Eniro is a very progressive directory organization operating in several very progressive markets (including Sweden, Denmark, Norway and Finland) as well as some developing markets like Poland and Russia. It is probably fair to say that the company made too early a transition from a print company with an Internet business to an Internet company with a print business, particularly in Sweden, its largest market. Eniro has paid for this with a dramatic drop in Swedish print revenues.
New CEO Tomas Franz©n (there for less than a year) quickly grasped the problem and went into full turnaround mode. The full results will not be known for another year, but he deserves credit at least for generating a lot of activity that appears pointed in the right direction. Eniro has redesigned its Yellow Pages product, retrained its sales force, adjusted compensation to stop motivating the wrong behavior, and it has attacked inefficient processes that led to sky high rejections rates on new contracts.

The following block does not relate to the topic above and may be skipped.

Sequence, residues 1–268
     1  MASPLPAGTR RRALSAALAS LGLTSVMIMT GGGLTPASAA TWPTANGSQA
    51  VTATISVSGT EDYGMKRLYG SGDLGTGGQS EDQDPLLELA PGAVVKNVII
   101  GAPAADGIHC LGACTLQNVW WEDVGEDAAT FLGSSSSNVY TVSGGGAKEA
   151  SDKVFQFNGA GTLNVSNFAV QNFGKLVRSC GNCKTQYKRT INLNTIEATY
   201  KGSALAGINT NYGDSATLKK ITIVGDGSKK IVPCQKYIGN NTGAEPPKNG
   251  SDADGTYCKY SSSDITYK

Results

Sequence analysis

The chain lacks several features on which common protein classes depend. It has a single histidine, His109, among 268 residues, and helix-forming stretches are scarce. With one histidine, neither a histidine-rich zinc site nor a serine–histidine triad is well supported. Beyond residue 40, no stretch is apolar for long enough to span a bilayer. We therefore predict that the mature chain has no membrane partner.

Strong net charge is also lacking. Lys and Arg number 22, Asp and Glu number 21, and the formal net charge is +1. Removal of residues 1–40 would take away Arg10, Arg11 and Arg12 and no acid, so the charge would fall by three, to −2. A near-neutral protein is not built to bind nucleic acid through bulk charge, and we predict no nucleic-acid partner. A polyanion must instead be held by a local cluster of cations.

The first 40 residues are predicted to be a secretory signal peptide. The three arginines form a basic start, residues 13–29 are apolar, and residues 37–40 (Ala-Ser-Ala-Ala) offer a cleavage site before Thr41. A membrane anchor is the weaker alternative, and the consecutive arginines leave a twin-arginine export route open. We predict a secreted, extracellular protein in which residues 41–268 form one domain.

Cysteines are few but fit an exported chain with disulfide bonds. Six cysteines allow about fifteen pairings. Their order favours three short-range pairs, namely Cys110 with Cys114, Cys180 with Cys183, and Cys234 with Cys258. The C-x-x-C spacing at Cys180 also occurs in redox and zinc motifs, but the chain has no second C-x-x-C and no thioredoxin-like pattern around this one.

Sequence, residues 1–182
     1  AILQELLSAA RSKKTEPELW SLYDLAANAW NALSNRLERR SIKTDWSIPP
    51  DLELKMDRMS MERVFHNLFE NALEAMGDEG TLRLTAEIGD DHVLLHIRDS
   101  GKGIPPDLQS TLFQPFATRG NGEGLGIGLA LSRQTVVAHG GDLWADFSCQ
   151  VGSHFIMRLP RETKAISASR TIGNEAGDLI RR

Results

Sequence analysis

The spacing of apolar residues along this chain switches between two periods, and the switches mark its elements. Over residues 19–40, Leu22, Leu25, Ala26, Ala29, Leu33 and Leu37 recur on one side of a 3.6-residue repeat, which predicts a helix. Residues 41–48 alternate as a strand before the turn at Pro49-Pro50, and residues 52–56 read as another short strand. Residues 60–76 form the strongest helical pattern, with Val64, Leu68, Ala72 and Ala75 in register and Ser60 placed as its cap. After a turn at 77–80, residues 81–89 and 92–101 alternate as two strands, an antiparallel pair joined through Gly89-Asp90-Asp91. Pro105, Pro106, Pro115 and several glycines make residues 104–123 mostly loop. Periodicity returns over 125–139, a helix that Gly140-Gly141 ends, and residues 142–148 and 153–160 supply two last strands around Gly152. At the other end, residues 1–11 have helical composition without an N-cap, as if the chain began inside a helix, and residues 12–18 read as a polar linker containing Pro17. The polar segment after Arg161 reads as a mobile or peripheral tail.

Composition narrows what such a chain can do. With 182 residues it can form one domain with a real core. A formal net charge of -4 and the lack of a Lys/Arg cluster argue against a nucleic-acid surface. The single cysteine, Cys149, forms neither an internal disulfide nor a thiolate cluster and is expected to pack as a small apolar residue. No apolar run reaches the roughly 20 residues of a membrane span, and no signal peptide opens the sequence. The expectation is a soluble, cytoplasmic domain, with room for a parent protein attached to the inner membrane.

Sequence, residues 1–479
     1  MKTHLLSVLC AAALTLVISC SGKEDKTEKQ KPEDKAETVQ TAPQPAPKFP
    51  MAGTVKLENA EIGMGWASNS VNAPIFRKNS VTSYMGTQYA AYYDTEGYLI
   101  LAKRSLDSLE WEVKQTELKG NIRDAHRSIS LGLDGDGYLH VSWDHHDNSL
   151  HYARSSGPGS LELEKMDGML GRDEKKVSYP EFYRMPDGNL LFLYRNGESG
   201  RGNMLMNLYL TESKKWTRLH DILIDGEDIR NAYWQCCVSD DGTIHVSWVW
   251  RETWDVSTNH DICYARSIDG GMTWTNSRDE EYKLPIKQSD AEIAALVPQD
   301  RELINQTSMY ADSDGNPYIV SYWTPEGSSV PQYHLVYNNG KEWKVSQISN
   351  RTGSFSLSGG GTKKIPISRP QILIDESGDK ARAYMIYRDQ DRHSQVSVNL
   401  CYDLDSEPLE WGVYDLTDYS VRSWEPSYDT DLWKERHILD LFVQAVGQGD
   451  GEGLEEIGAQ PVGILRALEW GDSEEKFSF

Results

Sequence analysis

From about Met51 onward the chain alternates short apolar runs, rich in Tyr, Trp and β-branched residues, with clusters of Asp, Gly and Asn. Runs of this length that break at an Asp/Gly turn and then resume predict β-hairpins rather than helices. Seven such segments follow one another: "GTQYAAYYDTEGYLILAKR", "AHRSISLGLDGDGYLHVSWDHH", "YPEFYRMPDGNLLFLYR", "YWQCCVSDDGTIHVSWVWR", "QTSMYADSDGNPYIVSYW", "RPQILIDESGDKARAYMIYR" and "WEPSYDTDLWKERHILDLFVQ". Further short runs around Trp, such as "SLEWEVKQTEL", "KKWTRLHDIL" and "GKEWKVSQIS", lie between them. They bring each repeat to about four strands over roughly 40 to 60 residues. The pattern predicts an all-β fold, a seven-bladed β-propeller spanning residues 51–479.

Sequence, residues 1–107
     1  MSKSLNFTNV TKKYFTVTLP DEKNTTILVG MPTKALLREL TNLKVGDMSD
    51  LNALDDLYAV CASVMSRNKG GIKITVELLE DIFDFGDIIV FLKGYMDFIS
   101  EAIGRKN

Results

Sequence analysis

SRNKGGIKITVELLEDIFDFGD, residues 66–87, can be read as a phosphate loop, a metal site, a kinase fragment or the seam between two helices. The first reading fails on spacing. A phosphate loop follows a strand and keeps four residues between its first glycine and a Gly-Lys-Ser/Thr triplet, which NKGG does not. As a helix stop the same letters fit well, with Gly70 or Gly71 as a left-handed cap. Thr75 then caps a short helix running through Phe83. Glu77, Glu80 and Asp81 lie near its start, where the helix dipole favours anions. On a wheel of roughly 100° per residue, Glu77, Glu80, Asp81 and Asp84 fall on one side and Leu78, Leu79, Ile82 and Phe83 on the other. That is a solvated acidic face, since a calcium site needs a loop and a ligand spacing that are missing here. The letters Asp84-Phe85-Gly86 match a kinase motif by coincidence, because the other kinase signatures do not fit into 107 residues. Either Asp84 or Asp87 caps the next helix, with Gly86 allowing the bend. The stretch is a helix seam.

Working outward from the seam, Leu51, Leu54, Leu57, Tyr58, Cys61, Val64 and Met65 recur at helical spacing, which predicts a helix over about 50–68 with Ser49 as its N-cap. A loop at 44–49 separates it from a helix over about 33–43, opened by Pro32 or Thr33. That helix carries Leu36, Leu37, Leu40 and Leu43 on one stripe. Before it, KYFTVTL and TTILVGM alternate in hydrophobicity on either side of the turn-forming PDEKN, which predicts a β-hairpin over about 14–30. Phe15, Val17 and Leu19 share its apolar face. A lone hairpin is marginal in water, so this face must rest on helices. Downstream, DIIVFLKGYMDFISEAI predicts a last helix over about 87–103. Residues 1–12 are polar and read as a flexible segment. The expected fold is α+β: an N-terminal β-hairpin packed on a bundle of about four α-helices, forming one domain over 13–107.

In some respects, Sweden, given its position as an early adopter of new technologies, is positioned to be a canary in the coalmine for the eventual erosion of printed revenues. But Eniro had proved a poor early warning system to date, since many of the declines were the result of self-inflicted wounds and came much earlier than necessary.
Now that Eniro is improving its operations and looks to be on the road to stabilizing its print revenues in Sweden, perhaps it can once again become a harbinger of the future course of printed directory usage and revenue. For now, the company deserves credit for attacking its problems aggressively and, it appears, with measures that are customer focused.